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Innovators at NASA Johnson Space Center have invented a portable communications signal booster that is currently available for licensing. Originally designed to improve communications for lunar missions, this lightweight, portable device can boost incoming signals to improve local reception for cell phones, laptops, satellite and Wi-Fi internet receivers without the need for power plugs, cables or batteries.
A real-time locating system (RTLS) developed at NASA’s Johnson Space Center uses ultra-wideband (UWB) radio frequency (RF) signals for tracking and reporting the position of transmitter-equipped people and objects in a variety of environments.
NASA seeks interested parties to license the Ad Hoc Selection for Voice Over Internet Streams technology developed by engineers at Johnson Space Center. This technology features the ability to select specific audio streams from one or more sources and then convert them into a multicast to the user’s audio player.
NASA’s Johnson Space Center has developed a novel technology that enhances the performance of surface acoustic wave radio frequency (SAW RF) tags for passive radio frequency identification (RFID) and sensor applications.
Innovators at NASA’s Johnson Space Center have patented a system and method that allows for accurate position and attitude determination using a distributed antenna system with a global positioning system. The technology accounts for the non-unique phase centers inherent in distributed antenna systems and can be used with multi-transmitter systems that utilize carrier phase measurements.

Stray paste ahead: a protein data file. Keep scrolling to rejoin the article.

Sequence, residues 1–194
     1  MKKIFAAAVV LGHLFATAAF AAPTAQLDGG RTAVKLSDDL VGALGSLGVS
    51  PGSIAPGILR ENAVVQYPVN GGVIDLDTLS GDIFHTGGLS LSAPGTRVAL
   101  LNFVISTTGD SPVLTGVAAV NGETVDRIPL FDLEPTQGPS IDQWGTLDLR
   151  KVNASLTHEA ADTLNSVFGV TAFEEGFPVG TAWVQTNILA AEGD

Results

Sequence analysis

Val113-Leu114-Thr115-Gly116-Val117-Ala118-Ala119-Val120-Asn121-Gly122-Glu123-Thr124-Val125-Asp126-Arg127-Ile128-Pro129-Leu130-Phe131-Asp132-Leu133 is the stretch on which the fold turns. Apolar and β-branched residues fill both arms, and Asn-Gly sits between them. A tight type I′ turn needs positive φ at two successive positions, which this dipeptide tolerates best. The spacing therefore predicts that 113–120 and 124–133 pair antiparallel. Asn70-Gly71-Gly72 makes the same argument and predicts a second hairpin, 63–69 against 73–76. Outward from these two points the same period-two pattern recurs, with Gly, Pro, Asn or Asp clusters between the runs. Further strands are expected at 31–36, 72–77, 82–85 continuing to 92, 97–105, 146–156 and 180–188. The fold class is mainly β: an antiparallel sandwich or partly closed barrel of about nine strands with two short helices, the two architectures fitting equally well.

Researchers at NASA’s Johnson Space Center have patented a low-cost deployable antenna for use with mobile phones. The antenna consists of a collapsible membrane formed of conductive material; a radiating element capable of transmitting and/or receiving electromagnetic waves; and a ring support formed of a spring-like, deformable material attached to the perimeter of the collapsible membrane.
Innovators at NASA’s Johnson Space Center have patented a modified probe feed design for planar patch-type antennas that provides for simplified integration of circuitry to improve system performance.
Researchers at NASA’s Johnson Space Center have developed an automated method for producing intricate fabric-based circuits and antennas. The method enables the fabrication of complex single- or multilayer circuit patterns and will contribute to a new generation of mobile communication capabilities.
Scientists at NASA’s Johnson Space Center have developed a real-time locating system (RTLS) that uses ultra-wideband (UWB) radio frequency signals for tracking. UWB is a low-power, carrier-free, ultra-wide bandwidth signal transmission that has 100 to 1,000 times finer time resolution than conventional narrowband radio frequencies.